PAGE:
Guaranteed by the federal government. Often only need 3.5 percent or lower for a down payment. Also, FHA loans are more lenient with people that have bad credit.
USDA Rural Development Loans
Allows a borrower to buy a home without a down payment. You have to meant certain criteria to be eligible. You must be a low-income wage earner and the home must be in a USDA approved rural area.
Home Equity Loan
Allows you to borrow money against the equity in your home. But instead of a revolving credit, this loan is a lump sum of money. Lenders determine the loan amount based on the value of the property. Note: You’ll need good to excellent credit to qualify for a home equity loan. Tip: check your credit score for free to see where you stand.
Home Equity Line of Credit (HELOC)
This is like a home equity loan. But instead, it’s a revolving line of credit. The owner can borrow against the equity of the house (up to 80 percent of the home’s value)
Used when mortgage interest rates or monthly payments are too high. Refinancing could lower the interest rates and monthly payments altogether. Note: The lender pays off the first mortgage, which allows them to create the second mortgage.
Home Improvement Loans
Home improvement loans are also unsecured. It’s used when you want to upgrade your home for things like:
- Remodeling a kitchen or bathroom
- Paying for a new roof
- Making room additions
- Installing a pool
- Making home repairs
Bad Credit Personal Loans
If you have poor credit, a bad credit loan may be your only option. In this section, you’ll find a few options to explore (and some to avoid). Tip: Read our guide on bad credit loans here >>
Installment loans are short-term loans designed to repaid over a period of time. This “period of time” is set by your lender. Most lenders offer 3 months, 6 months and 12 months. This is the exact opposite of payday loans, which have to be repaid by your next paycheck. More and more payday lenders are becoming “installment loan” providers. That said, you’ll still see very high APR rates. Lenders charge anywhere from 200% APR up to 2,000% APR. The key here is to find a lender that offers the lowest interest rates.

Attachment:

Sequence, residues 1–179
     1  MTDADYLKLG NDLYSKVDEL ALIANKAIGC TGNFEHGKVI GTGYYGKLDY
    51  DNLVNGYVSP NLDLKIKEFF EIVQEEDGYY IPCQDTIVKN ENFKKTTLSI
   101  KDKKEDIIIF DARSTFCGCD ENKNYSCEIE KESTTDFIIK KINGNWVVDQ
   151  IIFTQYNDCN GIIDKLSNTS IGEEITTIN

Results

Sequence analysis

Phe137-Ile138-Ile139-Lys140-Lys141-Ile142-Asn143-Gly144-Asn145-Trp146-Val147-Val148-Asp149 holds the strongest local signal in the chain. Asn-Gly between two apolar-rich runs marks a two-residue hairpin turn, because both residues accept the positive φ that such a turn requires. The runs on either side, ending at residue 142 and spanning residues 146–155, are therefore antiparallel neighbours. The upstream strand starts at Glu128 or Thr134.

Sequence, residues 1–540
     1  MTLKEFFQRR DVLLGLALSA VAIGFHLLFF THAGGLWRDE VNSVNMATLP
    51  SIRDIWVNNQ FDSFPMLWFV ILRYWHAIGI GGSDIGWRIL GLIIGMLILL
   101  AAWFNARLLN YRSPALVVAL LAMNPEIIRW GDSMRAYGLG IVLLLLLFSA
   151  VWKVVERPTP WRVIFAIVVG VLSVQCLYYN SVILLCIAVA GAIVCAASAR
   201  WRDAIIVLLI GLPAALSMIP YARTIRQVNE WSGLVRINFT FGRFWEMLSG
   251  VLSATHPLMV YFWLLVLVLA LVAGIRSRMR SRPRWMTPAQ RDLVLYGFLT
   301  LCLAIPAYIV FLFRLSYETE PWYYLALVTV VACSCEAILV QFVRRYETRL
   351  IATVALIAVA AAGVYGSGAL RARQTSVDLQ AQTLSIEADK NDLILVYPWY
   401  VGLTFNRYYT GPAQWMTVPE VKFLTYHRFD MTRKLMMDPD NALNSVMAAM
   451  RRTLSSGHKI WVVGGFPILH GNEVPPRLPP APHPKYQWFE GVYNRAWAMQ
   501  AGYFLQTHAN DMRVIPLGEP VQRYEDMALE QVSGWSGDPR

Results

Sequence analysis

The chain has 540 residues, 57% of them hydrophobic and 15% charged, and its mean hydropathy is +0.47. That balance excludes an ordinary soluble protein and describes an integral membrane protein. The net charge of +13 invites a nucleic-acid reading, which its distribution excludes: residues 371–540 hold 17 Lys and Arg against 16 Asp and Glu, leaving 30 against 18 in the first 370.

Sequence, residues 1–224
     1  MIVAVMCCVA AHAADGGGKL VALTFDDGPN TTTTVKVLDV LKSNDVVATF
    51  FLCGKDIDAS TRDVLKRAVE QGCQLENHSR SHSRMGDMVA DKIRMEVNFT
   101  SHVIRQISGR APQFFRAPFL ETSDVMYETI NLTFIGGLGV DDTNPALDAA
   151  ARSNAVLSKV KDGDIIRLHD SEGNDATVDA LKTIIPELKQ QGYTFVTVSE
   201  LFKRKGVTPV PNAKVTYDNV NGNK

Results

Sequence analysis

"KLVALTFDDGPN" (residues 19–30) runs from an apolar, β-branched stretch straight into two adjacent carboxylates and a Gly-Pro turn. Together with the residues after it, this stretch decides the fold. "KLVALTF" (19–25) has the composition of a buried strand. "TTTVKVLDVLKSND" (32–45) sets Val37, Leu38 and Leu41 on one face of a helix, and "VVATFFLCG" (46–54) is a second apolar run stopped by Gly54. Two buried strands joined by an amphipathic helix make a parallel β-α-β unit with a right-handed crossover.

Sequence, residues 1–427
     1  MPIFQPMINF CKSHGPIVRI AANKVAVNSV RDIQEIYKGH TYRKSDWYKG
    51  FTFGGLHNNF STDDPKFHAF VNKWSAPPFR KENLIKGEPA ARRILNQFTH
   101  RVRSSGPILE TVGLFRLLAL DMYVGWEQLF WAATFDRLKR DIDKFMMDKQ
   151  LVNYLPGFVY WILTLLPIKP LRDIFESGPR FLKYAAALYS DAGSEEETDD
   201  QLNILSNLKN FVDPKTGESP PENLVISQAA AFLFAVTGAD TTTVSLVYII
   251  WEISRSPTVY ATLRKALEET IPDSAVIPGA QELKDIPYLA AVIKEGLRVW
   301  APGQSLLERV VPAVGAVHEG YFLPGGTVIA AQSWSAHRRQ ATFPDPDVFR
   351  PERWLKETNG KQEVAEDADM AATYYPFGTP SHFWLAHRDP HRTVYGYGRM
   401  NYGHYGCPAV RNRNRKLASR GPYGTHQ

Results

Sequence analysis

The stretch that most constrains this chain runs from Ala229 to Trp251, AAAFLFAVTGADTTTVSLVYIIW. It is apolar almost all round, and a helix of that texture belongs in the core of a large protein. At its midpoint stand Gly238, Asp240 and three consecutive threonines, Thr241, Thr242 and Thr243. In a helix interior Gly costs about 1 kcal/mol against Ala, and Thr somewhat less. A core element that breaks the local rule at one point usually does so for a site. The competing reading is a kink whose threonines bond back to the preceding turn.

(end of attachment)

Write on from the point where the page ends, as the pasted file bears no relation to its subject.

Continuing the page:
Payday Loans (Predatory Lending)
Payday loans are small loans designed to be repaid by your next payroll period. This type of loan is super risky. Payday loans have insane interest rates. Lenders charge upwards of 500% APR…and sometimes much more. Now, if you repay the loan back by your next paycheck…it’s not too bad. But if this loan rolls over into the next month (and beyond), the interest will continue to stack up. This is how many consumers end up in payday loan debt. Tip: Steer clear of payday loans.
Car Title Loans
What’s worse than payday loans?
Auto title loans. Title loans are short-term, high interest rate loans. They use your your free and clear car title as collateral. Not to mention, the interest rates will kill your wallet. And what happens if another emergency comes up and you can’t repay the loan? Answer: the lender will repossess your vehicle and sell it at auction. Tip: Try to never use auto title loans.
Loan sharks are predatory lenders. They prey on low-income families by offering insane interest rates. Loan sharks are illegal and are not governed by rules and regulations. They make up their own rules. In fact, interest rates from a loan shark can be as high as 1,721%. Loan sharks don’t need debt collectors. They are the debt collector. And sometimes, what they do to collect debts ain’t all that pretty.
- Harassment via phone, online and even at a person’s home
- Threaten you with bodily injury or harm
- Threaten family members
Bottom line: Loan sharks are illegal and dangerous.
Guaranteed Personal Loans
Guaranteed personal loans aren’t “guaranteed” in the way you think. If you have poor credit, your chances of approval are very slim. That said, guaranteed personal loans aren’t available to people with bad credit. Tip: Find an installment loan with low interest rates from a reliable lender.